Now, if you're a massage therapist who specializes in doing do deep tissue work, and there are a lot of therapists in your area who do principally relaxation massage, or if there are spas in your market that are popular, marketing yourself as a massage therapist who does massage therapy, as compared to relaxation massage, can be very strategic and an effective way to build your business. You might even tell people that Swedish massage is like deep tissue massage the way a fruit punch at a heavily chaperoned high school prom dance is like heavily spiked rum punch at a Caribbean local bar.
Swedish vs. Deep Tissue
The first thing I'd recommend in your advertising communication is to show the superiority of deep tissue massage versus relaxation massage. You could say that relaxation is a by-product of massage therapy; it needn't be the goal. (This is not to say that there's no value in giving or receiving a relaxation massage. In our highly stressed and tense world, where people spend 10 hours a week or more commuting to work in crowded trains, buses, and highways, relaxation is a highly valuable asset.) Even if a considerable amount of pain is felt in a deep tissue treatment, there's still some relaxation that results by the time the session is complete. It's expected that a client will leave a massage therapist's table relaxed and more free of pain. To be perfectly honest, I felt more relaxed waiting for 15 minutes in the waiting room next to a delightful flowing fountain than I did during, or after, the session I took at the spa.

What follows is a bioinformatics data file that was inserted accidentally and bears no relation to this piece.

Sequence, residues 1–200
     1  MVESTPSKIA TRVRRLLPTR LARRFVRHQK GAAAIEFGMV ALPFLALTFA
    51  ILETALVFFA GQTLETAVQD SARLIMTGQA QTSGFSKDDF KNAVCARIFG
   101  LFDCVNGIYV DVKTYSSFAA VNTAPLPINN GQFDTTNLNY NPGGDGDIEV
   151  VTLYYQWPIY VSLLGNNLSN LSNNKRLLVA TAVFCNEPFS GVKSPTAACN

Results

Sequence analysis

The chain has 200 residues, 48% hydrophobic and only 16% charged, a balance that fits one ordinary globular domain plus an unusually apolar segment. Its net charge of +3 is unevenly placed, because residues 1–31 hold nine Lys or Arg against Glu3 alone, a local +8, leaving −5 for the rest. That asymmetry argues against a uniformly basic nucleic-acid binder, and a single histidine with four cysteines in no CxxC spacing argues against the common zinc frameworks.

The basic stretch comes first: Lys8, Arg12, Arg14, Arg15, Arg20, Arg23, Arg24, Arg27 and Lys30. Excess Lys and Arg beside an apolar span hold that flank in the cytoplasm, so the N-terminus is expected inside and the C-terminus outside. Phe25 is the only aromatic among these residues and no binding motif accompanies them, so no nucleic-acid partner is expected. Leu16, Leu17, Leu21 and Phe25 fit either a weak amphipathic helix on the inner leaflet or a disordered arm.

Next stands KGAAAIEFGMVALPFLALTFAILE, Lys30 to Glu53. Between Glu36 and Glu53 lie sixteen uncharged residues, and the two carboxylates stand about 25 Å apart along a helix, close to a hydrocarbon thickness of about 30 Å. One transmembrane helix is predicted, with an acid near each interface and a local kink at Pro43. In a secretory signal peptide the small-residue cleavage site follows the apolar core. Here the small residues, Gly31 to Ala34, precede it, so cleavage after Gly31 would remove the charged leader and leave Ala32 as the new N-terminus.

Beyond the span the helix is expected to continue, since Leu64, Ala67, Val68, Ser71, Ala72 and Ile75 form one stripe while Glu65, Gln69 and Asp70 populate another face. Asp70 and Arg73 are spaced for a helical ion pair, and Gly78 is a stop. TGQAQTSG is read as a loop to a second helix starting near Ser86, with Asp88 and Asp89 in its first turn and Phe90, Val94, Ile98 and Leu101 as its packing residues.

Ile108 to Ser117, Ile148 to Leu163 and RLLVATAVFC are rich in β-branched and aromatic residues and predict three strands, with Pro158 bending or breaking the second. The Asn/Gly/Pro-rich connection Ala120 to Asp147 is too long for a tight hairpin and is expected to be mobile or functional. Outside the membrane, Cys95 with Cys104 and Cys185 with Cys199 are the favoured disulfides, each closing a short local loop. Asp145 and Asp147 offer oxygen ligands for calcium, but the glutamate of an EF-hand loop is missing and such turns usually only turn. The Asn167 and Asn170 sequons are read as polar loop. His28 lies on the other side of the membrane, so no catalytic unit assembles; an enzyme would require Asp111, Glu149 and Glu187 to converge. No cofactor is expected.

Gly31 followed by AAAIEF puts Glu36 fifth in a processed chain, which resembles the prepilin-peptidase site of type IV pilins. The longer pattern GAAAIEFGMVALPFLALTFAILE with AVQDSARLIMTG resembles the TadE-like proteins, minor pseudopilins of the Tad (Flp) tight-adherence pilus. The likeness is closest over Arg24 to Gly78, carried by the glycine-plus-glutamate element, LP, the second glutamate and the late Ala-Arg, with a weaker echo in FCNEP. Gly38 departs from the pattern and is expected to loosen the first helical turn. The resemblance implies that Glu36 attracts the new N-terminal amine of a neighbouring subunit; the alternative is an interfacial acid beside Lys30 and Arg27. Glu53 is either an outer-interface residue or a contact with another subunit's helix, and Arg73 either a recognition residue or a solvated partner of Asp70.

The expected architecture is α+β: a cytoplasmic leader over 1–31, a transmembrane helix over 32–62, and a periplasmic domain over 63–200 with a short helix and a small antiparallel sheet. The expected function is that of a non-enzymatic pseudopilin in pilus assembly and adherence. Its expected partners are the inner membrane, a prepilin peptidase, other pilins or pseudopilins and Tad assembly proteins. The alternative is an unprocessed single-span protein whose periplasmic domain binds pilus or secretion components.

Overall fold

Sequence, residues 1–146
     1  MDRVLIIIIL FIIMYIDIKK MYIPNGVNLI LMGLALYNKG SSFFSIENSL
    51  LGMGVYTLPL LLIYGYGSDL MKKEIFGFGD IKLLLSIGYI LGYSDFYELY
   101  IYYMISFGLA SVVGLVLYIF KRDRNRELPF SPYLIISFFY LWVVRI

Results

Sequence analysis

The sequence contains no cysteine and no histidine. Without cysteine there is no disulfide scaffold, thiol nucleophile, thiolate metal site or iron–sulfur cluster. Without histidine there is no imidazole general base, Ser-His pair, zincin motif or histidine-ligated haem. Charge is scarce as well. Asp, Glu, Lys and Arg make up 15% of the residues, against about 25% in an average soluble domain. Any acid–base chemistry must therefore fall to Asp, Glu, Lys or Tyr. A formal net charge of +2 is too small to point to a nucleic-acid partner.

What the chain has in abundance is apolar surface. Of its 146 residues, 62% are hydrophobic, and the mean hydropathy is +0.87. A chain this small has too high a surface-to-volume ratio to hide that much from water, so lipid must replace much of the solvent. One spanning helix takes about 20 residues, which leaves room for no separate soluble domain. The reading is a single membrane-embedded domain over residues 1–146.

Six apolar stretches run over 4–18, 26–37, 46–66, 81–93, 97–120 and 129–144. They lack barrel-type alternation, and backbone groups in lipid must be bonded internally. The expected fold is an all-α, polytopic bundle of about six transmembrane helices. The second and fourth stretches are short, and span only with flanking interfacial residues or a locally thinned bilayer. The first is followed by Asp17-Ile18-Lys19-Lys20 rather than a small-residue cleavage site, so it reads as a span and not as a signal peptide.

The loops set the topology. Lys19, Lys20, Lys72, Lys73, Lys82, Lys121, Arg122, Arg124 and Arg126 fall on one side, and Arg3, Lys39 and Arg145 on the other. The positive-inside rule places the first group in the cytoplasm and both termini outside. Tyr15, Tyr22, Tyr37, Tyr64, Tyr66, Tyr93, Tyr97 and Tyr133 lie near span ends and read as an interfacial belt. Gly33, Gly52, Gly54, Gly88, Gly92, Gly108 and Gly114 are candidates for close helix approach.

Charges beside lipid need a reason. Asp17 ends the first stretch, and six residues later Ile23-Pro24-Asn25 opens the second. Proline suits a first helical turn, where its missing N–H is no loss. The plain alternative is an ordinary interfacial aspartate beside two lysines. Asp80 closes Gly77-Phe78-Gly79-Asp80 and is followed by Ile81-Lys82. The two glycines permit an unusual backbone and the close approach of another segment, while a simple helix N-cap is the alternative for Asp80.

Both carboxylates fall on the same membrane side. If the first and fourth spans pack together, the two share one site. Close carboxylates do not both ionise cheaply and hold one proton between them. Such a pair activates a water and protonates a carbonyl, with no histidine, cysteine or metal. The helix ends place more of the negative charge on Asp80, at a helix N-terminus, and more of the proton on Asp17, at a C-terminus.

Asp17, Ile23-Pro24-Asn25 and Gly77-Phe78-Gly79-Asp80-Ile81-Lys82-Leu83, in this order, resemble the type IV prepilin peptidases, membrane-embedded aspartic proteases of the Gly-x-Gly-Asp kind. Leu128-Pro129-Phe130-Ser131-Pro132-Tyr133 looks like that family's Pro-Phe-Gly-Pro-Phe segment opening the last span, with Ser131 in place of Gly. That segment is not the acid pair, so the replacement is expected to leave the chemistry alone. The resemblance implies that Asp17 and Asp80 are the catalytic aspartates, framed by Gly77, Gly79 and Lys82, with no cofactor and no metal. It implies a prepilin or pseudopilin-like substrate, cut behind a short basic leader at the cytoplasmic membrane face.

A headline that you could use to compare your deep tissue treatments to the fluff and buff of some competitors, who specialize in relaxation massage, or spas, which do a great deal of Swedish sessions, could say the following:
MASSAGE IS THERAPY, NOT JUST RELAXATION. Body copy in the ad could then go on to cite research on massage that shows in a scientific manner just how much physical healing actually occurs with therapeutic massage.
Another headline could speak to the shortness of spa treatments. It could say: MY MASSAGES ARE AN HOUR, NOT JUST 50 MINUTES. Body copy might also indicate that your hour-long sessions often spill over an hour, while spa treatments often are just 45 minutes on the table.
You could also conclude either ad with a touch of humor: You could show a picture of the CBS-TV news program, 60 Minutes, and have a caption that says, When a show is called 60 Minutes, it goes for 60 minutes, not 50 minutes. Or you could say: Deep tissue vs. Swedish is more like therapy vs. "sweetish." Sweet is nice, but then so is candy. But you wouldn't use candy to heal your body — maybe to heal a broken heart, but not to heal tense and tired muscles.